So Cassandra did some research to find out what kinds of items – such as flashlights, baby supplies, etc. – would be most needed in hurricane-torn communities and organized a supply drive at her school, Hartford Magnet Trinity College Academy. The supply drive also included pet food. She knew that Animal League America would be helping people during such a crisis, too – and she wanted to support them in their rescue efforts. After learning about Animal League America’s upcoming participation at a supply distribution center in Freeport (which included pet food donated by Purina PetCare Company), Cassandra and her boyfriend, Jamie Merolla drove all the way there with the pet food collected from the school supply drive. “Everyone I cared about was suffering,” she explains.
As much as Cassandra’s awareness of the full extent to which the hurricane had affected people on Long Island could be attributed, in large part, to her family, her family can also be credited for putting North Shore Animal League America’s rescue work on her radar. Not only did Cassandra’s cat, Patches, come from Animal League America; her cousin, she says, adopted his dog from North Shore Animal League America as well. “All of the animals in my family are from the Animal League,” Cassandra said.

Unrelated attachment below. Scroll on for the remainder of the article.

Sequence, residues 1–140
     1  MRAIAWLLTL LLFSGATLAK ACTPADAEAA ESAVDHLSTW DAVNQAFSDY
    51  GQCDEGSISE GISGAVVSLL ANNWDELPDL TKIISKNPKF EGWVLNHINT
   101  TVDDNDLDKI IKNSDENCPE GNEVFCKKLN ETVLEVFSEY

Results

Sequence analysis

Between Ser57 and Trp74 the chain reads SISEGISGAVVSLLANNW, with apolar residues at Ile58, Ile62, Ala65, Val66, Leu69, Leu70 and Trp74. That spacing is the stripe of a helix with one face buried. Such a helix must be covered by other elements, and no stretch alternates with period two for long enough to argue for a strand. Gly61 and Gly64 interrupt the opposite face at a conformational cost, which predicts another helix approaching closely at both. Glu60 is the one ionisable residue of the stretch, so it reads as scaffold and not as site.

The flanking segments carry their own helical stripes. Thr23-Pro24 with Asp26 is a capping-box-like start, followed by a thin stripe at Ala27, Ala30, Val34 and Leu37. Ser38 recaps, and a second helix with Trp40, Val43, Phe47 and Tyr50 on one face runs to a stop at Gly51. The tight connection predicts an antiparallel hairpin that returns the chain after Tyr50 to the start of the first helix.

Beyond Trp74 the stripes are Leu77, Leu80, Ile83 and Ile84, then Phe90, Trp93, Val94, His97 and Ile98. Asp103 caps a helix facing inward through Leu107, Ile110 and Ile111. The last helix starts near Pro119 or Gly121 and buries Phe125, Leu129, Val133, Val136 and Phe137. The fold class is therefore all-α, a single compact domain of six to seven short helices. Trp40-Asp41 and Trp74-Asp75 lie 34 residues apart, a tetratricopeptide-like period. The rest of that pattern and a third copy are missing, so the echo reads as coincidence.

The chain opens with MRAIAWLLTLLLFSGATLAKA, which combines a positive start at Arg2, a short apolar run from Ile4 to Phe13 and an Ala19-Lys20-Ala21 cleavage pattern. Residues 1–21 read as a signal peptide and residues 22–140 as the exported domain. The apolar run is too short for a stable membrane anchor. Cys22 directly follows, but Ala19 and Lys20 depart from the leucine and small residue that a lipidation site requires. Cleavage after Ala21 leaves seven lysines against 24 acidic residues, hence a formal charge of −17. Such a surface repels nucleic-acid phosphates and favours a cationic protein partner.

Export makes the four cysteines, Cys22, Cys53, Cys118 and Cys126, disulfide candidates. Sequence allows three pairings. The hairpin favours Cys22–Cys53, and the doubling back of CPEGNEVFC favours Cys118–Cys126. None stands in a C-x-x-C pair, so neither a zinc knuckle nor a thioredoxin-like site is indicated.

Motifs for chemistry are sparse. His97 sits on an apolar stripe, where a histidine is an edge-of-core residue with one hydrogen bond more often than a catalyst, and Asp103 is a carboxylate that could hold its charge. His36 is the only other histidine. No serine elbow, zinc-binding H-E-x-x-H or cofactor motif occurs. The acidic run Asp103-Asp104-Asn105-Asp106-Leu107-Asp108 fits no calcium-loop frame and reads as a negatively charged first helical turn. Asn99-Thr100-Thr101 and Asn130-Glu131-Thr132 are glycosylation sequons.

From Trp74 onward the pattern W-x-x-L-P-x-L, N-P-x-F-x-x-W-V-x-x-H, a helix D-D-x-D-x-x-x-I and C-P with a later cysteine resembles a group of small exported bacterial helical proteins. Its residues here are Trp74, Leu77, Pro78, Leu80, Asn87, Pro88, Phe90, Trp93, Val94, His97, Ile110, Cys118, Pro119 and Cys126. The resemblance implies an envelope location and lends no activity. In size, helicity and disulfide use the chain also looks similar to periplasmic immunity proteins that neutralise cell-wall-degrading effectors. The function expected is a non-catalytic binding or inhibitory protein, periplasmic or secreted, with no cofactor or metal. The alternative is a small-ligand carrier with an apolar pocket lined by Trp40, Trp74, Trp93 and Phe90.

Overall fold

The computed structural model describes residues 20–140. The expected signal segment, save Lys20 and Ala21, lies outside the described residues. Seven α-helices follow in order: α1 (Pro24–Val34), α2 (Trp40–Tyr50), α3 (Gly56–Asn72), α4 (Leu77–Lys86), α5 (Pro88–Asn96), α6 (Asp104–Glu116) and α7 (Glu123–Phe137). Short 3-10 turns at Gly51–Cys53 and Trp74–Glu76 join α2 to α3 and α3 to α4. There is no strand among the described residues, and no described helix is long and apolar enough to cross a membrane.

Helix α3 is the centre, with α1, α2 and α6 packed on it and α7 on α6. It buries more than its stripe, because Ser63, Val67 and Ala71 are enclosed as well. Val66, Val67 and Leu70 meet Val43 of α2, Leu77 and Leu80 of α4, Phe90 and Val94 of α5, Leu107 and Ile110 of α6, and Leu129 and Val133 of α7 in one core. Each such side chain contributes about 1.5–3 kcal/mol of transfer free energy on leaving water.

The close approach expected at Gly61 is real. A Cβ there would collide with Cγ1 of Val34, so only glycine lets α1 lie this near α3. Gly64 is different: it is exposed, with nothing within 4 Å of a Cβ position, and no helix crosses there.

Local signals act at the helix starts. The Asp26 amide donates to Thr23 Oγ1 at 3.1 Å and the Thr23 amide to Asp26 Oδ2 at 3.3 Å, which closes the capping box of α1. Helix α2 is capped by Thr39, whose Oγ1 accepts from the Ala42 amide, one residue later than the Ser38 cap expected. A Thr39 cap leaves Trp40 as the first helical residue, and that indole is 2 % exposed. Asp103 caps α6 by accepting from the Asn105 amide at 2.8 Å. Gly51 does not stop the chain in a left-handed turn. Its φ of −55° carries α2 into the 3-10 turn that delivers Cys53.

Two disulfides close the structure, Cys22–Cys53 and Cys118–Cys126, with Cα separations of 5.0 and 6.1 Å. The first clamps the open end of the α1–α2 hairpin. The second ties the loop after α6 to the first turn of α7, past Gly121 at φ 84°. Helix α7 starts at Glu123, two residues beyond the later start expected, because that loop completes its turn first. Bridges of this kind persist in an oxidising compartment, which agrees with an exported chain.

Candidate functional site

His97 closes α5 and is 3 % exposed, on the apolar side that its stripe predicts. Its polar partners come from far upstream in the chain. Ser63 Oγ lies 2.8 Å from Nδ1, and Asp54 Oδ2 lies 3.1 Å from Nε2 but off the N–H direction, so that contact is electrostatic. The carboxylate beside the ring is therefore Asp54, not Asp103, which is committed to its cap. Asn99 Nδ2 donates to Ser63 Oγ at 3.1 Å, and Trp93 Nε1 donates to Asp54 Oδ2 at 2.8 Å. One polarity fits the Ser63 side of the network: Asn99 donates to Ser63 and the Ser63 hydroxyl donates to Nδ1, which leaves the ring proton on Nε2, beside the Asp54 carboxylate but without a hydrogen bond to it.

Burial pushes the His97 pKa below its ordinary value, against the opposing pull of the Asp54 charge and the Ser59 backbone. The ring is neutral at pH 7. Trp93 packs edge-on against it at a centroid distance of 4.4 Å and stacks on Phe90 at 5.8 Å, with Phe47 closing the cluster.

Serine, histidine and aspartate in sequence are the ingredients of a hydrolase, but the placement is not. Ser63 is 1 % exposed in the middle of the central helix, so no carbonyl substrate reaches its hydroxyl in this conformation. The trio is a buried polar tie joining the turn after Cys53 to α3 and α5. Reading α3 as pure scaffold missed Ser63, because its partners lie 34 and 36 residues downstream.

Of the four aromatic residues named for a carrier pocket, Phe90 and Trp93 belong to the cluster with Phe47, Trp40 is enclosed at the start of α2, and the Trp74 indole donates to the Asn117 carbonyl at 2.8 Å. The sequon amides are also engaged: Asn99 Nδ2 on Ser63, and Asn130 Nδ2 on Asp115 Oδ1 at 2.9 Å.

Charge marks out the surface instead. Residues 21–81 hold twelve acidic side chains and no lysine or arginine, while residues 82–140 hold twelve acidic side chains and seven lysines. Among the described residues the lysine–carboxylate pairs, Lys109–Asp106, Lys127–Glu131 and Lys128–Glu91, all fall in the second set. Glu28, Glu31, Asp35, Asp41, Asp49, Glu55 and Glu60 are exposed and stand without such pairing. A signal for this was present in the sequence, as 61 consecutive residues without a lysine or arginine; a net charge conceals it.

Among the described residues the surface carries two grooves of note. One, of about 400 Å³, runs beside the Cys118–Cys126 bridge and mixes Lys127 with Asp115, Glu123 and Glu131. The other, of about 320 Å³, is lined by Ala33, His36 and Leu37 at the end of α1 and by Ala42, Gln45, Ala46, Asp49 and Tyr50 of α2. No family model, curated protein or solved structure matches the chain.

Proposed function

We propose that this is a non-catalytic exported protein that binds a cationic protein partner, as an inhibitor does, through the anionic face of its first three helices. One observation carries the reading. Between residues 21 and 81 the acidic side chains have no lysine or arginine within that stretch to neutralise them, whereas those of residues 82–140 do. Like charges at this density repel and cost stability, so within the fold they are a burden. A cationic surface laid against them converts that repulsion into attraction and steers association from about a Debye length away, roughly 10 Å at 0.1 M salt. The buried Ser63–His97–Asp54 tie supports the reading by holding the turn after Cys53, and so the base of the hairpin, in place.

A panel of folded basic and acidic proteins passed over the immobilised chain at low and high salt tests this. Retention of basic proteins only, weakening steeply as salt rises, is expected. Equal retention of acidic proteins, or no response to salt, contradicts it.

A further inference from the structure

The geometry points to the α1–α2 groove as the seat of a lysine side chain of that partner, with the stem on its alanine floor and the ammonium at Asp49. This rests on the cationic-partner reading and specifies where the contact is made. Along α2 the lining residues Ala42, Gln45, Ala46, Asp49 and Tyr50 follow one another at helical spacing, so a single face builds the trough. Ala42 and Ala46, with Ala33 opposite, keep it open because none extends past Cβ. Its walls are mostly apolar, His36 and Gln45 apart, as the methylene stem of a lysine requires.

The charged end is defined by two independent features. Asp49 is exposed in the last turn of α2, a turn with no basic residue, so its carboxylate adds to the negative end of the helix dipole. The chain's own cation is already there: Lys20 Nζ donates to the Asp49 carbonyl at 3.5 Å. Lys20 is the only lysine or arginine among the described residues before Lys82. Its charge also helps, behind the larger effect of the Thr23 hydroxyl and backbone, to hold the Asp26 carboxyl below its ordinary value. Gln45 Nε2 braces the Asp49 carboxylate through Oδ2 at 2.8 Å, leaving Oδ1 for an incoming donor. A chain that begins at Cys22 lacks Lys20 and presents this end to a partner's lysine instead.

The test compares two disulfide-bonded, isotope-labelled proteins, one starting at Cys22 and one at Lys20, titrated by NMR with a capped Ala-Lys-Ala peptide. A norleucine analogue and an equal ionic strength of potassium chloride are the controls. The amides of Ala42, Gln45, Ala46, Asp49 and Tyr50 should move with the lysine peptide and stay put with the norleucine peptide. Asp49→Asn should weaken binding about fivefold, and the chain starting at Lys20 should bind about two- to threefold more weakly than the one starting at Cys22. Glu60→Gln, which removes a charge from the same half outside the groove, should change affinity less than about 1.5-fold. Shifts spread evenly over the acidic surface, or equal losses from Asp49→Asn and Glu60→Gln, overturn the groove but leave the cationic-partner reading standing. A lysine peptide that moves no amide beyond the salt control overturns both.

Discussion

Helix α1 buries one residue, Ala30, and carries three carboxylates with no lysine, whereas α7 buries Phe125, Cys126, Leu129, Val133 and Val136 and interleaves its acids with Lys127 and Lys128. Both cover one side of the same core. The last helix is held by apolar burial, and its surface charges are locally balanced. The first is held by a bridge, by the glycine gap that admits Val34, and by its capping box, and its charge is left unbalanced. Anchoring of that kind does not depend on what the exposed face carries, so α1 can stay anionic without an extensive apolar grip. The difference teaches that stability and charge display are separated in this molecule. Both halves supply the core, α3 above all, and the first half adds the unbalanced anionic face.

When Cassandra’s family adopted Patches, Cassandra says, Animal League America staff took them through a very thoughtful vetting process. “We were impressed by how thorough they were,” she reports. Her family’s cat, Snowflake – whom they’d adopted as a stray – had just passed away at the time. “We were just thankful we were getting another cat,” she says.
Now with two cats, Cassandra empathetically expresses, “I can’t imagine what I would do if this had happened to me…so that is why I came down to do whatever I could.”
8-year-old Living Thousands of Miles Away Raises Hurricane Funds for North Shore Animal League America